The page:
The Chibok 21

Published 7 years ago

Maryam Ali Maiyanga is happy to be reunited with her family. It was a tearful reunion in October 2016. She was among the 276 girls that Boko Haram militants abducted from a government school in Chibok in northeastern Borno State, Nigeria, in April 2014, sparking a worldwide plea for their rescue and the social media movement and Twitter campaign #BringBackOurGirls.

Things have significantly changed for Maiyanga since that unfortunate night. As she holds her 10-month-old son, it is apparent that life will never be the same again for her.

“I am happy to be alive and reunited with my family. For the families of my sisters still missing, don’t lose hope, they will also be found,” says Maiyanga via a translator over the phone in Abuja, Nigeria’s capital.


Her discovery comes after 21 of the abducted girls were freed following negotiations brokered by the International Committee of the Red Cross (ICRC) and the government of Switzerland.

Boko Haram, colloquially translated to “Western education is forbidden”, has claimed over 15,000 people and displaced some two million over the past seven years as part of its bid to establish an Islamic state in the north, according to Reuters. Its eradication was one of the main cornerstones of Nigerian President Muhammadu Buhari’s election campaign in 2015.

“This is positive news for our missing girls but the battle is far from over. The world should not rest until this injustice is laid to rest and all our girls have been returned to their families,” says Sekina Abdulai, founder of the Chibok Community in Maiduguri, the capital of Borno State.

The release of the 21 girls although positive, is a bitter reminder of the fate of the other missing girls, some of whom are presumed dead, according to Abdulai.


Speaking at a press conference in Abuja, Alhaji Lai Mohammed, Nigeria’s Minister of Information and Culture, disclosed to reporters that the release of the girls was due to the persistence to close this negative chapter in the nation’s history.

“The circumstances behind the release of the girls are still unclear but it is believed that some large sums of money was exchanged as well as the release of some Boko Haram fighters,” says a source in the Office of the National Security Advisor (ONSA).

Fatima Alhassan’s daughter, Aisha, is still missing. When she heard about the release of the 21 girls, she took a bus from her hometown in the northeast to Abuja in the hopes of finding her in the group.

“A friend of mine told me some girls had been released and even though they did not call me, I decided to come and see if my daughter was here. Unfortunately, she was not but I am hopeful that like these girls she will return to me,” says Alhassan.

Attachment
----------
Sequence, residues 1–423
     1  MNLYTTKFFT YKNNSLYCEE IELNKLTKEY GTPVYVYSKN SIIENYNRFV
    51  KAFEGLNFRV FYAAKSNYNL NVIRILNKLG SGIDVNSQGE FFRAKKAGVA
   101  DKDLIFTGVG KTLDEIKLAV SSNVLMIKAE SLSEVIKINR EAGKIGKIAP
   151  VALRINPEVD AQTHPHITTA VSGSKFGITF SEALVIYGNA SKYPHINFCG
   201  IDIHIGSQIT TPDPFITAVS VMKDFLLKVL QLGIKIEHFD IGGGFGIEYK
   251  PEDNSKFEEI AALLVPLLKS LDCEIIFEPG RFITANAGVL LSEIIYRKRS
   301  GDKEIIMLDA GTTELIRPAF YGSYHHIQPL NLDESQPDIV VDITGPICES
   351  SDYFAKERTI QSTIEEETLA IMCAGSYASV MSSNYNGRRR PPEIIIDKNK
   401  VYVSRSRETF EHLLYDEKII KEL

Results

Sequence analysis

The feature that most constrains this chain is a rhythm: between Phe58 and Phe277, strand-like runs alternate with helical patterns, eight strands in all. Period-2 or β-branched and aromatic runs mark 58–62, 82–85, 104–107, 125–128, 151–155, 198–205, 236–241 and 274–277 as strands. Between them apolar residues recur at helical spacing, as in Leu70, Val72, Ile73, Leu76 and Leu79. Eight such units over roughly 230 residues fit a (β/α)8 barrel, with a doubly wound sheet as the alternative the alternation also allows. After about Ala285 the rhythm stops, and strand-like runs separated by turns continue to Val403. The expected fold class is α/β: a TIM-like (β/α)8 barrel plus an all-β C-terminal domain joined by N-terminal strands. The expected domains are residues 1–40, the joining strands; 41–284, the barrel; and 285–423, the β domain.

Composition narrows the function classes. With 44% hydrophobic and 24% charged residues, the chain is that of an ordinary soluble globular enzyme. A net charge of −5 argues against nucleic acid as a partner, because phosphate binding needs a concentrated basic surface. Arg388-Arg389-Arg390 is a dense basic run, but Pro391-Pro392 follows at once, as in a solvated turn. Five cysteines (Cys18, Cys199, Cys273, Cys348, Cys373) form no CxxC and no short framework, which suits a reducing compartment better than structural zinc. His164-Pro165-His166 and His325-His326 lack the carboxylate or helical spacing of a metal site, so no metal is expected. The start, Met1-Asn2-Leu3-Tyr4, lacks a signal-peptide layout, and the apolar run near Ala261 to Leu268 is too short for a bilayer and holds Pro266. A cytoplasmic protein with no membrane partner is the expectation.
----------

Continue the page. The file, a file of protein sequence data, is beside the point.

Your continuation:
That reunion might be more imminent than she thinks.

“We are currently in talks with members of the militant group who want to negotiate the release of the girls. They say they are ready to talk if the government is willing to negotiate and it is our intention to do whatever we can to get these girls back,” says Garba Shehu, official spokesperson to President Buhari.

According to Shehu, 83 more girls are expected to be released in the coming months if negotiations with the militants remain positive.

For now, the government is unwilling to disclose what the militants want in exchange although sources close to the government believe there is a financial incentive on the table.


The focus now is the rehabilitation of the released girls. That task falls on the shoulders of Eleanor Nwadinobi, the women and girls’ manager of the Nigeria Stability and Recognition Programme.

“These girls have suffered a terrible ordeal and our rehabilitation efforts need to take a focused individual treatment approach. We have to provide trauma-counseling sessions, health-screening tests as well as ensuring that these girls have the best tools to successfully reintegrate back into society,” says Nwadinobi.

A source close to the current negotiations of the 83 girls disclosed on condition of anonymity that “given the current plight of the Nigerian economy, it is in the government’s interest to at least deliver on President Buhari’s bold claims of eradicating Boko Haram which his whole campaign was built on. To this effect, they will pay whatever amount and negotiate with the terrorists to get this type of good PR”.

According to Reuters, the 83 girls were with the faction of Boko Haram under the control of figurehead Abubakar Shekau who has split from Boko Haram after disregarding new instructions from Iraq and Syria naming Abu Musab al-Barnawi as its new leader for West Africa.


“This infighting might be the best opportunity for these poor girls who have already lost two years. If Shekau remains defiant, he risks being alienated from the group and therefore he needs more allies. I would imagine negotiations will include returning some of his loyal fighters back to him to help him regain his command,” says Frank Adu, a security consultant working in Abuja.

No matter what the reasons are for this apparent divide, the return of the 21 girls is symbolic of hope and an end to the torment and pain endured by their families. For those still missing, the battle lingers on. For now, hope is the only thing they can hold on to.